You can fairly neatly slice the film into its short prologue, depicting Dora as a bright-eyed child played by Madelyn Miranda, the opening act that sends Dora to L.A. and then brings her back, and the "Indiana Jones for wee folk" adventure of the remaining hour and some. And, if I am any judge at all, the opening act is the only real rough patch in the whole. This is largely because it's then and only then that the film operates as what it was easiest to suppose it might be: a slightly mortified cringe comedy about the go-getter Dora constantly making an ass of herself. It's here, and only here, that the film openly mocks its source material (Dora turns to the camera and invites us to practice Spanish, asking "can you say delicioso?", at which Peña does a big triple take); it's here, and only here, that it seems to regard her as an alien goofball who's too far gone to understand basic social interactions. And this is cheap and easy humor, though not without its charms, which are largely the result of Peña and Longoria being so impeccably straitlaced, and Moner being so wide-eyed and sugary. There is a long joke (too long, by half) in which Peña performs an a capella version of early-'00s club music, and one gets the sense that director James Bobin and editor Mark Everson let it go on at such length largely out of awe that Longoria and Moner were able to watch their co-star pulling such strange faces for so many endless seconds without breaking character for even a fraction of a second. The point being, the three leads commit to their parts with an earnestness that admits for no trace of embarrassment, and it reflects well on the movie.

It also gives us a taste of what will, at all points, be Dora's extremely obvious secret weapon, Dora herself. Moner's performance is a remarkable act of skill and trust: the actor, 17 years old at the time of filming (which makes her about one year younger than Dora the Explorer itself, if you were looking for something that would make you feel like your mummified skin was crackling against your dusty bones), opens up her face to be as big and moon-like as possible, reciting some unfathomably bubbly and daft dialogue with a giant, toothy smile, revealing a fearlessness about looking like a silly buffoon that is most uncommonly rare in the adolescent human. She's playing a live-action cartoon in the most direct sense, and there's never a moment of self-awareness about that; she exudes a confident, smiling energy that puts me in mind of nothing less than Sally Hawkins's star-making turn as the warm, candid optimist of Happy-Go-Lucky back in 2008.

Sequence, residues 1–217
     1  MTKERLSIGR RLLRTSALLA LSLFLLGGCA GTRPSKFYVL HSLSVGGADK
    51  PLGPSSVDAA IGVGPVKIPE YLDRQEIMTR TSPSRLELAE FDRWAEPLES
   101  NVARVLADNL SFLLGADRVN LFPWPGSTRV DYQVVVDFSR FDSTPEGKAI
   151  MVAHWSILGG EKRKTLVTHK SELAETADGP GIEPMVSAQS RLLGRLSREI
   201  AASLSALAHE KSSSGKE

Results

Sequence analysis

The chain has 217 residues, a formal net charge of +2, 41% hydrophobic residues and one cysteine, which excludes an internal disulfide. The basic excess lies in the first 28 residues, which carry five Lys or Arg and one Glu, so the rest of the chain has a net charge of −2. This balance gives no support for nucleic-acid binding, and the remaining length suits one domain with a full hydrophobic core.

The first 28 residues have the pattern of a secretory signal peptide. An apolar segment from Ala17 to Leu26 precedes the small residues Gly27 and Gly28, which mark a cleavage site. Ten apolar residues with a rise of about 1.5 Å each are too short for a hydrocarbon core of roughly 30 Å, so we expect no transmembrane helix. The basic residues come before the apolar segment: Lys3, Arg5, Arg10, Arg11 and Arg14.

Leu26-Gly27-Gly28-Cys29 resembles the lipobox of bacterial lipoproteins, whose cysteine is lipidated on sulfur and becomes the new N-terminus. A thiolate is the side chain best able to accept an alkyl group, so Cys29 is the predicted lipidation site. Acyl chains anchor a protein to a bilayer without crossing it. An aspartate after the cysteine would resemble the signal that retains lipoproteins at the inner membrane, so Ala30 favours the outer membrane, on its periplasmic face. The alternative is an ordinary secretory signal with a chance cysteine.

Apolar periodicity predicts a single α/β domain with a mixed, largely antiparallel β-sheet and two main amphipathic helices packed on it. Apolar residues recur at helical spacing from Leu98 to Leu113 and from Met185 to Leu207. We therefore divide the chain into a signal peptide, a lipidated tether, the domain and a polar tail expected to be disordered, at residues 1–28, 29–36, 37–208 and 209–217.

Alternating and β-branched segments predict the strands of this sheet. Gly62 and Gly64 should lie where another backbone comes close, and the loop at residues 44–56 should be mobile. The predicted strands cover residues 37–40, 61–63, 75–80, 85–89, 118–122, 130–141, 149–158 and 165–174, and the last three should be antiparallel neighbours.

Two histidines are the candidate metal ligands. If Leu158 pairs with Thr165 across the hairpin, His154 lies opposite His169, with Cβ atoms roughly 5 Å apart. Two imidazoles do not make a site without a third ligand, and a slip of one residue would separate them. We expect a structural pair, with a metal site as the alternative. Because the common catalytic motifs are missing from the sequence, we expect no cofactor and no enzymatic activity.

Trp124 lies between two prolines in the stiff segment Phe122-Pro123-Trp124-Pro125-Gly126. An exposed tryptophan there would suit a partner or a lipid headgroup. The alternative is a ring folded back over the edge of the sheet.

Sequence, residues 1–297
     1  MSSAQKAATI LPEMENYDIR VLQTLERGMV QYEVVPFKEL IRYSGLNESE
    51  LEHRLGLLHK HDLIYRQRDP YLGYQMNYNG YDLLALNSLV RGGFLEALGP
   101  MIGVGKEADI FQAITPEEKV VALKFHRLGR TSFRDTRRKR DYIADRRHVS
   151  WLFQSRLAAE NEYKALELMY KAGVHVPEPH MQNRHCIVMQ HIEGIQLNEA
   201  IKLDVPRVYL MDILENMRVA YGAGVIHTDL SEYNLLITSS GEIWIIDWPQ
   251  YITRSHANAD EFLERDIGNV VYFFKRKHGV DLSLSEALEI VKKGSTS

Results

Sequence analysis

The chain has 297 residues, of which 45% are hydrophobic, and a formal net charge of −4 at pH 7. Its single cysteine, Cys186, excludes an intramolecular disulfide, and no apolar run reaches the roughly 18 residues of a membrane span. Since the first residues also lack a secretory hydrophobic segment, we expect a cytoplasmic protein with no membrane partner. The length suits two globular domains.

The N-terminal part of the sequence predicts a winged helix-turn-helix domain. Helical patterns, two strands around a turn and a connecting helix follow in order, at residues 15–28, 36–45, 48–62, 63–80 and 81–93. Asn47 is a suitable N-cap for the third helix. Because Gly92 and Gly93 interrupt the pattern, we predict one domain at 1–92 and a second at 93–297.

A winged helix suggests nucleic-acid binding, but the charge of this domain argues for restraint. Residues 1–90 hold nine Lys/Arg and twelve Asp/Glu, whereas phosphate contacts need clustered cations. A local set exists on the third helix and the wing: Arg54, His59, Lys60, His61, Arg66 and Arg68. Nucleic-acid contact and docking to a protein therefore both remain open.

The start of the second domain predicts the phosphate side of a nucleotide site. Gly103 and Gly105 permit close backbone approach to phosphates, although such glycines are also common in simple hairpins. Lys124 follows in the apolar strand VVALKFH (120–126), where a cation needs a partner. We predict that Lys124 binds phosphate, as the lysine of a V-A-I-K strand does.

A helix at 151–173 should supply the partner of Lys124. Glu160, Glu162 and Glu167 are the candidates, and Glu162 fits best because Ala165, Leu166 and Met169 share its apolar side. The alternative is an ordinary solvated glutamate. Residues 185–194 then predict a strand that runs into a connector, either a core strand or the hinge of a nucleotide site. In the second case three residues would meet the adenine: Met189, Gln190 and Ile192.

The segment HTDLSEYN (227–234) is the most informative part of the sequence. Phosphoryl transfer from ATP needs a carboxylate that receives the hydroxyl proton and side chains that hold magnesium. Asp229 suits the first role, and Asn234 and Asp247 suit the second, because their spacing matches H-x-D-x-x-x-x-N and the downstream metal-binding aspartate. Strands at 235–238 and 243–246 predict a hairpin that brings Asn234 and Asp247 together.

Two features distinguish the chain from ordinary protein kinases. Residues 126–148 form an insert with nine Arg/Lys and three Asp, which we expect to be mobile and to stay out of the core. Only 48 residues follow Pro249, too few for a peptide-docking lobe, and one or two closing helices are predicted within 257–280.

I mean, James Bobin is no Mike Leigh, let's be clear about that. But he is more than capable of keeping things bright and warm, and encouraging his cast to keep things slight, sweet, and silly; Dora is so gentle and sincere that it makes the director's work on 2011's meringue-weight The Muppets look positively toxic. This leads to at least one genuinely satisfying surprise, in the form of Derbez's performance; I typically find him shrill and exhausting, but he turns out to have exactly the right energy to play the useless, pratfalling grown-up in a kids' adventure movie. It's unfortunately the case that Moner's other prominent co-stars, the three other teens, aren't particularly interesting at all, and their uncertain, shticky line readings and reaction shots serve as a contrast that ably demonstrates just how good Moner is at channeling the simple openness of childhood.

With that lead performance as its anchor, Dora proves to be a very lovely, good-natured kiddie flick, one that's heavier on playful entertainment than thematic resonance, though it does nod towards its roots in educational programming now and then: there's a crisp, brief, child-sized critique of colonialism in a couple of moments, and practical guide to surviving quicksand in one of the not-very-frightening thriller setpieces. Mostly, it's just about having fun with the silly logic of kids at play - Benicio Del Toro plays a talking, anthropomorphic fox (played, like the monkey, by a mildly terrible CGI effect), and this is treated without a hint of surrealism - and providing a fine, admirable role model as the vessel through which all of that play is funneled. There's basically nothing here for adults, but there's also nothing saying there should be; preteen kids need well-built popcorn movies too, maybe more than anybody, and Dora's warm vibe is exactly what I'd want to share with the children in my life, if I had any I was responsible for.